Written by jd Balderdash
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Topics: Housing, rich

Tuesday, 7 February 2006

image for Lego Enters the Housing Market
Gwyneth Paltrow in her Miami Beach Lego retreat

Lego Homes. They're cheap, they're colorful, they snap together in minutes AND they're the latest rage among the rich and the beautiful. Gwyneth Paltrow, proud Lego Home owner says that she and her daughter Apple snapped her beach-side house together in less than an hour. Paltrow told reporters,

"Of course they'll blow apart in the slightest breeze but it's a breeze to snap them back together."

Superstar P Diddy attempting to recover from his Diet Pepsi Super Bowl commercial debacle is reportedly building a 12,000 square foot Lego Recording Studio in the mountains overlooking San Bernardino. He said,

"I hear the acoustics inside that plastic are tight. We'll just have to tone down the bass a notch because I HATE having to rebuild those things."

Diddy went on to reminisce,

"As a kid our cat kept knocking over my Lego Golden Gate Bridge and I'd have to reconstruct that thing on a daily basis. The bridge, not the kitty."

Typical prices for a Lego house range anywhere from $800 all the way up to $220,000. Lego recommends that you not purchase the $220,000 kit unless you're trying to build a Lego version of Buckingham Palace or the Johnson Space Center.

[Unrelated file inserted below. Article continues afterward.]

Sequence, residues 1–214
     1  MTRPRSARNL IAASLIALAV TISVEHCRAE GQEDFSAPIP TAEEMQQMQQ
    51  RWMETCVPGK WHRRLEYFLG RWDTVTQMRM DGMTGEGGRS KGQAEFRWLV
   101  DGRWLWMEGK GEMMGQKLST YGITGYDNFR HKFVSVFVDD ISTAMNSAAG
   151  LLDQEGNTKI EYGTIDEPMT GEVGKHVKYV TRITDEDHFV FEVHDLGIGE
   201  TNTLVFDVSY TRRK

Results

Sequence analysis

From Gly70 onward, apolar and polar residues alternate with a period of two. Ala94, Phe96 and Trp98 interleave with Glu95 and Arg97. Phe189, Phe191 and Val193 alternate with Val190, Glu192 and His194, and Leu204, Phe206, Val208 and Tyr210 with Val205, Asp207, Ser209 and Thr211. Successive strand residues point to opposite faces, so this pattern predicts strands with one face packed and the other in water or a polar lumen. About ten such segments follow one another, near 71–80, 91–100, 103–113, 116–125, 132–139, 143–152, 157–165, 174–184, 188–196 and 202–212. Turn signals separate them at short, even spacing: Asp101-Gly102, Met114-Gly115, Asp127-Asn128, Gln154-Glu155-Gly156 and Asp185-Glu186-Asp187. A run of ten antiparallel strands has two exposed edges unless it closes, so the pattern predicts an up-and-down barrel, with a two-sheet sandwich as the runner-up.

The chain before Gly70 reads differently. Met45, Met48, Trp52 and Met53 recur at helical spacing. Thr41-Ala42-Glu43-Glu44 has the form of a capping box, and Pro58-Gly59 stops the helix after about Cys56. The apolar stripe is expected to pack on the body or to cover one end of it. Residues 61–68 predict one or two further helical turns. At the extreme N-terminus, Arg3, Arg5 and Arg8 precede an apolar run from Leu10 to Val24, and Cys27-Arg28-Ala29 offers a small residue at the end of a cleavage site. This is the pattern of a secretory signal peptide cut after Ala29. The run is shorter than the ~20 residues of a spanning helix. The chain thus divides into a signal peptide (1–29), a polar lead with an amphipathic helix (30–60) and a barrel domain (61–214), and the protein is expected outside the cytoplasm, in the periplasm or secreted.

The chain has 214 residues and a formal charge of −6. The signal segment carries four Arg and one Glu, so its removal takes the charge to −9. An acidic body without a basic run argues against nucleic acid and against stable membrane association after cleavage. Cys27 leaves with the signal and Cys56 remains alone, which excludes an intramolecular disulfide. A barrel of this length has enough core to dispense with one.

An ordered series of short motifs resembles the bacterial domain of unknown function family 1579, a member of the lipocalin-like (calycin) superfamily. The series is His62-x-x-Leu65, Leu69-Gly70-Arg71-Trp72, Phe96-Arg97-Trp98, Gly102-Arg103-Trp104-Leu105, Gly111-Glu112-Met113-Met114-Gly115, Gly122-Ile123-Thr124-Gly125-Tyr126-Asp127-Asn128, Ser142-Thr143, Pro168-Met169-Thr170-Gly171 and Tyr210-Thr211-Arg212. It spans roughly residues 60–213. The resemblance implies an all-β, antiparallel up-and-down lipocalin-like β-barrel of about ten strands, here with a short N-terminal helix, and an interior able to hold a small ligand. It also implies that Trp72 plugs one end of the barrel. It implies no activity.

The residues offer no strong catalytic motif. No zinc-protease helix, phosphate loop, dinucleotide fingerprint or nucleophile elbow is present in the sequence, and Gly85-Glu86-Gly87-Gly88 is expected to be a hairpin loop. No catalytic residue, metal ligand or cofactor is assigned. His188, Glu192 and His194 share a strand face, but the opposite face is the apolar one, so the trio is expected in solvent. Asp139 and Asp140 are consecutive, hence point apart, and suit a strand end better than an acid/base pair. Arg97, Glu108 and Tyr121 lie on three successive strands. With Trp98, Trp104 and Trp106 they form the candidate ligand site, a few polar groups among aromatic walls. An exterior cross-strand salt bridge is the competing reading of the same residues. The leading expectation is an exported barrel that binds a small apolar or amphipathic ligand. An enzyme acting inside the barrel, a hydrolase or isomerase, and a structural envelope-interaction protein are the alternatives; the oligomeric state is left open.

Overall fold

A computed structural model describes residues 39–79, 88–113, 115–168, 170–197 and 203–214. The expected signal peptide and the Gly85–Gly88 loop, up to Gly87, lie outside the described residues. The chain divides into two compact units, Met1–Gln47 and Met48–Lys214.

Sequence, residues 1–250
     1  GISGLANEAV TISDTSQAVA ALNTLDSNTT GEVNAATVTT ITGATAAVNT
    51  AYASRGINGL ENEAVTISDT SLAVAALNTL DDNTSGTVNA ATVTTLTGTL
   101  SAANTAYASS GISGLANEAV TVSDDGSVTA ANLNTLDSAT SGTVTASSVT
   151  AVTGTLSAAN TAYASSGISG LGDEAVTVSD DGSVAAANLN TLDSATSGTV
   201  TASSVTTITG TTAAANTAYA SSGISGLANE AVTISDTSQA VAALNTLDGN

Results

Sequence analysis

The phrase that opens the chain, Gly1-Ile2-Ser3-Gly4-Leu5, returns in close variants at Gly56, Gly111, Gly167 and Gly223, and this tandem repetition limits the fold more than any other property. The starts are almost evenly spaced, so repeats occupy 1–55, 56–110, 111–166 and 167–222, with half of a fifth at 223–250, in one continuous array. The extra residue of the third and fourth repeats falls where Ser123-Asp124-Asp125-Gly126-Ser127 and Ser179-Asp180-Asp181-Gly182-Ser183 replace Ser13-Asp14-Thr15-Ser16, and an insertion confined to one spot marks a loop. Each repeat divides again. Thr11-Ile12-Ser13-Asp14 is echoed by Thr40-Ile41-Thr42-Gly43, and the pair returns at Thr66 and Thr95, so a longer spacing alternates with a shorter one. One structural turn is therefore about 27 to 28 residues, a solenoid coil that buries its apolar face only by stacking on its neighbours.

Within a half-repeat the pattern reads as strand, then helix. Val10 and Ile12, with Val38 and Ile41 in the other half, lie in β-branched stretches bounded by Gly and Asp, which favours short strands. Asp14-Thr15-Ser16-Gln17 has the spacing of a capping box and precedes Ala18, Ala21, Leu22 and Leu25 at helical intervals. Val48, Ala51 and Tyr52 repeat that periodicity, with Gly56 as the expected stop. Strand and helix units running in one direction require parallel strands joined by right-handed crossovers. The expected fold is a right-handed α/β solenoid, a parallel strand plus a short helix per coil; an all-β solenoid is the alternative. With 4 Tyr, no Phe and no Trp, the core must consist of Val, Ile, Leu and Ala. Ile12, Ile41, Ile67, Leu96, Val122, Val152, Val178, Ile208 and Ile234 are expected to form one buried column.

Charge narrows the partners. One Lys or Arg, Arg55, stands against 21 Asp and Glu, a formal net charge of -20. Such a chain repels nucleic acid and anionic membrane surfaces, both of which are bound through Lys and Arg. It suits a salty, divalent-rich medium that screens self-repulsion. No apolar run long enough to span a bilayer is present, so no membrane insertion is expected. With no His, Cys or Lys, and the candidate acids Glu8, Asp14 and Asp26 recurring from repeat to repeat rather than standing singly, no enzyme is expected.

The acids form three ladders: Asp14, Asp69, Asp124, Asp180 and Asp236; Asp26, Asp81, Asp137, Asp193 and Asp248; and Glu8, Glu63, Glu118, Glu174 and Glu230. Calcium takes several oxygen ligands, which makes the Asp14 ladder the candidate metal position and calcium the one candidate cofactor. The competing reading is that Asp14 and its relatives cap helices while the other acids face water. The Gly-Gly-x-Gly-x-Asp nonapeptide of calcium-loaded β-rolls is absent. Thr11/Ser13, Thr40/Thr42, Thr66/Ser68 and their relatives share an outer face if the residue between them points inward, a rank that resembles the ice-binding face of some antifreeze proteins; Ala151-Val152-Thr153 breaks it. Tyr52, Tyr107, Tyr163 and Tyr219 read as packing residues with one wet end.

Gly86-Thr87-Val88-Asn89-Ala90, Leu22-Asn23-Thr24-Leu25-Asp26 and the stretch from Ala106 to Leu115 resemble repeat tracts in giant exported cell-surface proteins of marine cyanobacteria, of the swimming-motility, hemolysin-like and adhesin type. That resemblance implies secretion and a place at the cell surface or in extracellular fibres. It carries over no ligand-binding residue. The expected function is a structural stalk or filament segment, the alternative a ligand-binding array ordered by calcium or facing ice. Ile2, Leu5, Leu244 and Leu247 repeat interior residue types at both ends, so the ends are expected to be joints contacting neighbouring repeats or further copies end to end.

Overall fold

FEMA is eyeing Lego's new housing initiative very closely. FEMA officials believe that at $800 many displaced, penniless hurricane Katrina residents could easily afford to rebuild their homes and their lives.

"We know the Lego homes can't withstand a category 3 hurricane" one FEMA official said, adding,

"But neither can our levies or most of the brick homes in and around New Orleans."

Lincoln Logs, maker of the popular Lincoln Log series of children's toys is also monitoring Lego's venture into the housing market. One Lincoln Log executive said,

"WE make the sturdiest homes, not Lego. Any kid that's ever built one of our Lincoln Log log cabins is already a customer. Now, all we have to do is figure out how to make the logs 120,000 times bigger and we're in the game."

Unconfirmed sources say that even President Bush is considering building a Lego barn at his Crawford Texas ranch. One Lego representative however warned,

"We don't really recommend building Lego structures that house wild animals. A common Central Texas Jersey cow on a bad milking day could easily cause the whole place to come tumbling down with a single kick of the hoof."

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The story above is a satire or parody. It is entirely fictitious.

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